Rather than thank whistleblower Edward Snowden for revealing the massive scope of government spying under Obama, Congressman Clyburn sees a conspiracy against the president. Otherwise, how could a 30-year-old white boy who dropped out of high school get in a position to blow the whistle on the Obama administration. “I haven’t gotten to where I am in politics without relying on my gut,” said Clyburn. “And my gut tells me this is an effort to embarrass the president.”

Jun 17 2013

On This Day In History June 17

This is your morning Open Thread. Pour your favorite beverage and review the past and comment on the future.

Find the past “On This Day in History” here.

June 17 is the 168th day of the year (169th in leap years) in the Gregorian calendar. There are 197 days remaining until the end of the year.

On this day in 1885, the Statue of Liberty, a gift of friendship from the people of France to the people of the United States, arrives in New York City’s harbor.

The Statue of Liberty (Liberty Enlightening the World, French: La Liberté éclairant le monde) is a colossal neoclassical sculpture on Liberty Island in New York Harbor, designed by Frédéric Bartholdi and dedicated on October 28, 1886. The statue, a gift to the United States from the people of France, is of a robed female figure representing Libertas, the Roman goddess of freedom, who bears a torch and a tabula ansata (a tablet evoking the law) upon which is inscribed the date of the American Declaration of Independence. A broken chain lies at her feet. The statue has become an icon of freedom and of the United States.

Bartholdi was inspired by French law professor and politician Édouard René de Laboulaye, who commented in 1865 that any monument raised to American independence would properly be a joint project of the French and American peoples. Due to the troubled political situation in France, work on the statue did not commence until the early 1870s. In 1875, Laboulaye proposed that the French finance the statue and the Americans provide the pedestal and the site. Bartholdi completed both the head and the torch-bearing arm before the statue was fully designed, and these pieces were exhibited for publicity at international expositions. The arm was displayed in New York’s Madison Square Park from 1876 to 1882. Fundraising proved difficult, especially for the Americans, and by 1885 work on the pedestal was threatened due to lack of funds. Publisher Joseph Pulitzer of the World initiated a drive for donations to complete the project, and the campaign inspired over 120,000 contributors, most of whom gave less than a dollar. The statue was constructed in France, shipped overseas in crates, and assembled on the completed pedestal on what was then called Bedloe’s Island. The statue’s completion was marked by New York’s first ticker-tape parade and a dedication ceremony presided over by President Grover Cleveland.

The statue was administered by the United States Lighthouse Board until 1901 and then by the Department of War; since 1933 it has been maintained by the National Park Service. The statue was closed for renovation for much of 1938. In the early 1980s, it was found to have deteriorated to such an extent that a major restoration was required. While the statue was closed from 1984 to 1986, the torch and a large part of the internal structure were replaced. After the September 11 attacks in 2001, it was closed for reasons of safety and security; the pedestal reopened in 2004 and the statue in 2009, with limits on the number of visitors allowed to ascend to the crown. The statue is scheduled to close for up to a year beginning in late 2011 so that a secondary staircase can be installed. Public access to the balcony surrounding the torch has been barred for safety reasons since 1916.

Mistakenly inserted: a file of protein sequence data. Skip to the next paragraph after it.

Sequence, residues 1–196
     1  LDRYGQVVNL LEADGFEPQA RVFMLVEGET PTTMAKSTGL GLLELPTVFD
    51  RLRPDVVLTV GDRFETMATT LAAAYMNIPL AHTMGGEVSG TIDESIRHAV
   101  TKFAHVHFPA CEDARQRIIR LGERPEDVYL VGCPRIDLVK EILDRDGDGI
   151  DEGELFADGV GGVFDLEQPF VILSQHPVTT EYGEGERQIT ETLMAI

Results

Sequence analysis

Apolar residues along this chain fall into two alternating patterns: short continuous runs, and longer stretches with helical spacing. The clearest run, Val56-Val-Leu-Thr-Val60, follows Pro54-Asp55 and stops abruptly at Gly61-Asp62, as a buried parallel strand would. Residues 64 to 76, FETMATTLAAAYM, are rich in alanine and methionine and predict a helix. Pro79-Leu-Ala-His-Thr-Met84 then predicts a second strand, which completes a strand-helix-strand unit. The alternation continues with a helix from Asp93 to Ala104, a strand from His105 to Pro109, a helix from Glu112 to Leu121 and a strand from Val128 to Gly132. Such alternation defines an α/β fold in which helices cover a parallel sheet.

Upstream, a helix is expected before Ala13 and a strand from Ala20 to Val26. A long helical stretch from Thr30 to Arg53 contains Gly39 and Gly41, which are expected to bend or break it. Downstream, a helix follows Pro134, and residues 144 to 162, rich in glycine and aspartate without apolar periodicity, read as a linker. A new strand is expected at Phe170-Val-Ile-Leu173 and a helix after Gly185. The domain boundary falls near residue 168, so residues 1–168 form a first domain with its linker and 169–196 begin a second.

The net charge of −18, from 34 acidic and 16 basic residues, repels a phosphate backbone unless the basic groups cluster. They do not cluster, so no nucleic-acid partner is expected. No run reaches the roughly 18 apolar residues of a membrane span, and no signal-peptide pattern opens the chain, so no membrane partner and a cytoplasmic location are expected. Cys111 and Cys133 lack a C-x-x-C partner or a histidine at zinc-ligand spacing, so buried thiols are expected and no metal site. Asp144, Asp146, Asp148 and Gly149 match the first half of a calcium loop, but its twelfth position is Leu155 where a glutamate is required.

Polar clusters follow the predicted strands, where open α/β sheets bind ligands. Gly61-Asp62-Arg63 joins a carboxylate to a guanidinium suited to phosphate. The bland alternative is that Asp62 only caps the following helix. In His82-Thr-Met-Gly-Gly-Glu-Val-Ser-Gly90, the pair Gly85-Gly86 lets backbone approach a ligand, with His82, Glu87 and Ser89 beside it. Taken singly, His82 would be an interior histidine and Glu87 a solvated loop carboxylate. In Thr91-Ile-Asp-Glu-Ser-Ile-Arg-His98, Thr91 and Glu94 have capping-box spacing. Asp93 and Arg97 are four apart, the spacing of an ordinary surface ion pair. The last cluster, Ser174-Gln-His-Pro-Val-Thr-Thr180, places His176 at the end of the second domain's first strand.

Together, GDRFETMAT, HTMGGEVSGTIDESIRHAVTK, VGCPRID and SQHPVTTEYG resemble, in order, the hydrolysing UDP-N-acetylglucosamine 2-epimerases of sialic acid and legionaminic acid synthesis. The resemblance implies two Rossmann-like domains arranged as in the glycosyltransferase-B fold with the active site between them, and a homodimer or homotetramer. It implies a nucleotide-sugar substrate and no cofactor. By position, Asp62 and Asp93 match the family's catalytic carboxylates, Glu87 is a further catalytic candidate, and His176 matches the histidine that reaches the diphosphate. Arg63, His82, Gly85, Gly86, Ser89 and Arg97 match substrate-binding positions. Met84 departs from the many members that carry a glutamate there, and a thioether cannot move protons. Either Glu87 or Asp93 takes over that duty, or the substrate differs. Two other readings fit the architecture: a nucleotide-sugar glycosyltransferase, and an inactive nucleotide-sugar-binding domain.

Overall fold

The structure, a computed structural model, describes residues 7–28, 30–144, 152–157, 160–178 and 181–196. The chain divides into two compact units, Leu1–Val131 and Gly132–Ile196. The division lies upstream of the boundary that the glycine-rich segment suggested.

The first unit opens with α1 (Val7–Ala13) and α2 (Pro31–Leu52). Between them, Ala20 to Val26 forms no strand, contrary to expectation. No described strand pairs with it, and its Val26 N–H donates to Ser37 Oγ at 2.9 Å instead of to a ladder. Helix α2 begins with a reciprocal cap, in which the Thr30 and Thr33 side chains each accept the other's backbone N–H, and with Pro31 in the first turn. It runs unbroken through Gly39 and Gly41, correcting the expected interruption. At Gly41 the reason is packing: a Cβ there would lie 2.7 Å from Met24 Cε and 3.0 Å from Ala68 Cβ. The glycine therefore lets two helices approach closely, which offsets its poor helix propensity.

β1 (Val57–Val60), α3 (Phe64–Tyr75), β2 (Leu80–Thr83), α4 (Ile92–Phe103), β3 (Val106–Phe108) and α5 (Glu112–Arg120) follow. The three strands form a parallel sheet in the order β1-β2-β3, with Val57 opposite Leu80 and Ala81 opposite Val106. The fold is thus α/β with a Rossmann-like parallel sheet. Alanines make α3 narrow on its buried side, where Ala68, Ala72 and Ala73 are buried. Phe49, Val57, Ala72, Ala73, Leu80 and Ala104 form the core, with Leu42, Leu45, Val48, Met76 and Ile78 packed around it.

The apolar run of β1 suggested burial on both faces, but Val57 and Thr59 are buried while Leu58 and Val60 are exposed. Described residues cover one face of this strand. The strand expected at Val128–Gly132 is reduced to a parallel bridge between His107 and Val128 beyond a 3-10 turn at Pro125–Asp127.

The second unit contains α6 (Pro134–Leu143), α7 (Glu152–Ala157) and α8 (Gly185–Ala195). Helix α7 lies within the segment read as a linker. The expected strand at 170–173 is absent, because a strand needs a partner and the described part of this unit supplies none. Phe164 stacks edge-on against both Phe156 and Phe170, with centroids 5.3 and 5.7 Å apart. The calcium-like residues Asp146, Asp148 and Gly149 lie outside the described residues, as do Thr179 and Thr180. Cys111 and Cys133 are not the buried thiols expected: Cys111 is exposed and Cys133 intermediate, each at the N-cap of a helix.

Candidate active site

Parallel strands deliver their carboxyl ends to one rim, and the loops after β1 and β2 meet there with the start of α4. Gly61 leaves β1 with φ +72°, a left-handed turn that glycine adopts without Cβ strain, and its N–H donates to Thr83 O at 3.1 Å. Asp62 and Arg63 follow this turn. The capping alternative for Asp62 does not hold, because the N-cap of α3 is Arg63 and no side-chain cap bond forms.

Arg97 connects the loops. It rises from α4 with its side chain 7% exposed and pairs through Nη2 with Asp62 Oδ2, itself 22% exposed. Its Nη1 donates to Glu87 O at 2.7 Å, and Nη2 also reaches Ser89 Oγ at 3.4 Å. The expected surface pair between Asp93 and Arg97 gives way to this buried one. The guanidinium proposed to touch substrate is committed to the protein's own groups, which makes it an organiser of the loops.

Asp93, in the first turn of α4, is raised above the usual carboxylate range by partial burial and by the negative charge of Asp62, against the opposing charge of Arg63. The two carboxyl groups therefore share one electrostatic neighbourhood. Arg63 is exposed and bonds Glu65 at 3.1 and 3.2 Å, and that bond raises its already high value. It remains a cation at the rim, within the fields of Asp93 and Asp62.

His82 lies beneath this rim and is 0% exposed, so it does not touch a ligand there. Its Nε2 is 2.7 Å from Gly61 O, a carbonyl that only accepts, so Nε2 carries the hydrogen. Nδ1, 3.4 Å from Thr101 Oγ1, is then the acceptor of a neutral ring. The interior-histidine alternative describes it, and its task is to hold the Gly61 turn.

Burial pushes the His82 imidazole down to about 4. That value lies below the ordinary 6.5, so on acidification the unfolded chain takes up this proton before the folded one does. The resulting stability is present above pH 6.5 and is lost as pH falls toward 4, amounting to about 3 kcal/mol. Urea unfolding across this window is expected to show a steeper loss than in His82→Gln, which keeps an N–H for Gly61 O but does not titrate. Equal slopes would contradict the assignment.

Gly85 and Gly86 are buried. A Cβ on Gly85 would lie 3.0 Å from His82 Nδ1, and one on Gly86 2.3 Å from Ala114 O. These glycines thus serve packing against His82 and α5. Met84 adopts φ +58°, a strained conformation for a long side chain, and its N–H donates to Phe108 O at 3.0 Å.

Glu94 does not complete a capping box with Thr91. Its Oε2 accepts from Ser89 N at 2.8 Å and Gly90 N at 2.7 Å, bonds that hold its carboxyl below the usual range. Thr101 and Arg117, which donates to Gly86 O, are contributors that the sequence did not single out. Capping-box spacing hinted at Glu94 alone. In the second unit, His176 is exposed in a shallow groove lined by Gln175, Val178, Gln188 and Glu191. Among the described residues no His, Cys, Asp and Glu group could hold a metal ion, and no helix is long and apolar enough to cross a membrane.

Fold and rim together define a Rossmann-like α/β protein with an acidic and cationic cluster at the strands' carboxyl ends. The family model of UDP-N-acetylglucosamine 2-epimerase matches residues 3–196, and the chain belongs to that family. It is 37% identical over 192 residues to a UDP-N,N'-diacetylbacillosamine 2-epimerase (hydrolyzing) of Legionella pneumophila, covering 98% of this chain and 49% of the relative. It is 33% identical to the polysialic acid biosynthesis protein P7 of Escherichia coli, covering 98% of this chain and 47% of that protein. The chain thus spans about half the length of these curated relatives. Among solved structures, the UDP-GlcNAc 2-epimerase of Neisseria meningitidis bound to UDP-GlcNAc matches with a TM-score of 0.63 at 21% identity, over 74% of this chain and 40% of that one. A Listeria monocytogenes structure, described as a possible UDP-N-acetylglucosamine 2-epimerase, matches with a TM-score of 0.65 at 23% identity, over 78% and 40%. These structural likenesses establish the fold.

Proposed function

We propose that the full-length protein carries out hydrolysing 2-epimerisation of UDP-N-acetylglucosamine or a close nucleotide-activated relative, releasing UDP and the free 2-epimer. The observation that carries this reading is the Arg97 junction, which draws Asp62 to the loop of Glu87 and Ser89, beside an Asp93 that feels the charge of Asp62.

Jun 17 2013

Sunday June 16, 2013: FINAL Up With Steve Kornacki Tweets

This is the final #Uppers. It's just not worth my time and Lord knows I tried. They had Rick Perlstein on and didn't go into what I prepared for, via his BS attacks and misrepresentations of Glenn Greenwald's articles on PRISM. It was immigration reform, gun control, and more election demographic crap. It's not policy.

It's all inside Congress baseball and isn't that cool? No it's not. Elections without serious reforms to the process, million dollar campaigns and primaries, reform of all our government on all levels from the filibuster to the SCOTUS. It's just not worth staying up. Steve Kornacki doesn't get it.

I may try to tweet All IN a few nights and post that, but I have had enough. I am not alone either, if you check the feed. I have tired to make it interesting, but I can't do it anymore. I need to go to bed earlier. Enjoy the final #Uppers.

Thank you for everyone who read this series. I wish Chris Hayes was still doing it. Maybe part of me is getting tired of politics and cable news, anyway.

Jun 17 2013

Sunday Train: 2013 ~ the Year of American Bikeshare

New York City gave me Bikeshare for my birthday (June 2):

Citi Bike officially launched to annual members on Monday, May 27. As of 5 p.m., members had made more than 6,000 bike trips, and traveled over 13,000 miles – greater than half the Earth’s circumference! Visit Citi Bike’s blog for more stats, facts and tips.

Membership opens to daily and weekly users on June 2.

Well, it opened to people taking out an annual membership on May 27, but I don’t live anywhere near New York, so if I get to use it, it will be as a “daily or weekly” user.

Jun 17 2013

My rant of the week